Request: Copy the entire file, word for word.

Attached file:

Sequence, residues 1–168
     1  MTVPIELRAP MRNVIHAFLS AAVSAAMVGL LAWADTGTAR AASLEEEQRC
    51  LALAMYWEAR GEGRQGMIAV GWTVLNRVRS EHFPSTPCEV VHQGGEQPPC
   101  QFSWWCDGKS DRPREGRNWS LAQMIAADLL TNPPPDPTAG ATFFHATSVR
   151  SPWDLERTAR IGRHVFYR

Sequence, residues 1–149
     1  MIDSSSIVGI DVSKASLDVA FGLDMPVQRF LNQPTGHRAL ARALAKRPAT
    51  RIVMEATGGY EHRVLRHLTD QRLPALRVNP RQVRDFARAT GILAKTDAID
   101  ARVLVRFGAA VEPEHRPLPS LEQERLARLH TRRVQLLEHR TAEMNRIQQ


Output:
Sequence, residues 1–168
     1  MTVPIELRAP MRNVIHAFLS AAVSAAMVGL LAWADTGTAR AASLEEEQRC
    51  LALAMYWEAR GEGRQGMIAV GWTVLNRVRS EHFPSTPCEV VHQGGEQPPC
   101  QFSWWCDGKS DRPREGRNWS LAQMIAADLL TNPPPDPTAG ATFFHATSVR
   151  SPWDLERTAR IGRHVFYR

Sequence, residues 1–149
     1  MIDSSSIVGI DVSKASLDVA FGLDMPVQRF LNQPTGHRAL ARALAKRPAT
    51  RIVMEATGGY EHRVLRHLTD QRLPALRVNP RQVRDFARAT GILAKTDAID
   101  ARVLVRFGAA VEPEHRPLPS LEQERLARLH TRRVQLLEHR TAEMNRIQQ